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I'm used to working in a large development environment where code is peer reviewed and tested by the client, who is usually an IT person themselves. I am now working at a very small company where I'm not just the only developer, but the only IT person at all.

I'm inclined to have my coworkers and/or boss take a look at my work every time I finish a agile story, so they can either accept it or reject it, as is the pattern I'm used to. However, too often my coworkers either don't understand my work well enough to judge it or they misunderstand it and accept bad code or reject good code based on surface looks alone, like the color of links.

So I'm wondering how I should decide when to accept/reject tests now? Should I try to assess my own code like an outside person? Should I just skip it and accept everything? Should I try to educate my coworkers a bit and get them to do proper tests?

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marked as duplicate by gnat, MichaelT, Bart van Ingen Schenau, DougM, GlenH7 Jan 28 at 14:31

This question has been asked before and already has an answer. If those answers do not fully address your question, please ask a new question.

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I changed title and tags to make more sense. "Accepting a user story" means something completely different. –  Euphoric Jan 20 at 21:08
    
You said in a comment that your customer is your company, but who is/will be using the software? –  Arian Jan 20 at 21:32
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in environment like that, I would simply review my own code a month or 2 (better 3) later. As time passes, blind spots against the code I wrote tend to go away and it gets easier to catch my mistakes in there –  gnat Jan 20 at 22:00
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"Accepting a user story" and "reviewing your code" are two very different activities. Perhaps two questions might have been more appropriate... –  Steven A. Lowe Jan 21 at 3:15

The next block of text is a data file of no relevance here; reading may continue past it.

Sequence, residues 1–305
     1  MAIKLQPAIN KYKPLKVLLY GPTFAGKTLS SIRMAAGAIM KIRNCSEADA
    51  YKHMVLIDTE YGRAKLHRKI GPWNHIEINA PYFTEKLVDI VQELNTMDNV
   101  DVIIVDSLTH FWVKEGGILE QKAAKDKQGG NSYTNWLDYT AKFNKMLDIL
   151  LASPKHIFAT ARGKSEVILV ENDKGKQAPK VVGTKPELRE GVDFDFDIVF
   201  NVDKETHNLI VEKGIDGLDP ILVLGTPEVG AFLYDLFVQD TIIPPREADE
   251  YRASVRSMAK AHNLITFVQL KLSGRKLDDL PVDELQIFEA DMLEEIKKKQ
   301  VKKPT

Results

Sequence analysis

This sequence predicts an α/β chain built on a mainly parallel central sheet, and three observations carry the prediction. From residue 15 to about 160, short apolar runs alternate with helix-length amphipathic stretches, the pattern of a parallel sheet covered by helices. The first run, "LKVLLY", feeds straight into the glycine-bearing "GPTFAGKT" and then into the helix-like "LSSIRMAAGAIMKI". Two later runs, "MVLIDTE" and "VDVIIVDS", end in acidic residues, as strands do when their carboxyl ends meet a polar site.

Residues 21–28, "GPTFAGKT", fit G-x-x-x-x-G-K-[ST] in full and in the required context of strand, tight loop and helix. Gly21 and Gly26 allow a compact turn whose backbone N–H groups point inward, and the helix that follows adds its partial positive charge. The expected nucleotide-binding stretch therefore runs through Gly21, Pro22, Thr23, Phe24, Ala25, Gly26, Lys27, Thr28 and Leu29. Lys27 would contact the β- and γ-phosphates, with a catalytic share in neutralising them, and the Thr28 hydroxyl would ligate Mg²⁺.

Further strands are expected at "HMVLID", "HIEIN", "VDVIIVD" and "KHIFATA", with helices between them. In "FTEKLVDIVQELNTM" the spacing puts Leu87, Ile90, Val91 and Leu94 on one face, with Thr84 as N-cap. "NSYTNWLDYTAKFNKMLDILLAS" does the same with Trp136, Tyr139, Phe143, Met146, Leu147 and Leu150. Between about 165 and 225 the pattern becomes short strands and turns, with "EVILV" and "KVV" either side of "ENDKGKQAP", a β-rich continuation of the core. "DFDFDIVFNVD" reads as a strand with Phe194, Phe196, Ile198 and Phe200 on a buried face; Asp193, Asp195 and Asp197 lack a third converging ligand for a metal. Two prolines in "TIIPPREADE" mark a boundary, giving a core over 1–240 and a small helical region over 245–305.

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relevant to the review part: programmers.stackexchange.com/q/139321/10563 –  jk. Jan 21 at 13:20

8 Answers 8

up vote 1 down vote accepted

User stories should be written in conjunction with the customer.

Are you the customer?

If so, then accept your own stories. If not, schedule review/writing time with the customer.

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The customer is the company, but I've been put solely in charge of developing our online system. There isn't really anyone else at the company who would have any kind of authority here, so am I the customer? I don't really know. –  Dylan Karr Jan 20 at 20:02
    
Hmm. This answer was spot on when the question was originally posted. :/ –  Dave Hillier Jan 20 at 23:08
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@DylanKarr: if you are not a user of the software, you cannot be the customer. Go find a user, or three, and talk them into helping you. But don't ask them to review your code, those are two different things! –  Steven A. Lowe Jan 21 at 3:11

If you are developing an online system for your company, that would imply that somebody besides you must have an idea of how it supposed to work at least at the UI level. So that would be the level at which your work can be reviewed by others within the company.

Unfortunately, that means that there is nobody to review your code. One possibility is that you can review your own code. It may be helpful to go back and look at your code a week or so after you finish it, and see if you can still understand it. Alternatively, you can try to get your company to hire another developer.

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As the sole developer, I think you just have to let go (hopefully temporarily) of some of of the professional techniques bigger teams has. But you CAN make some substitutes!

You should always use repositories. You should probably make more tests than before (since there is no other person who can catch mistakes).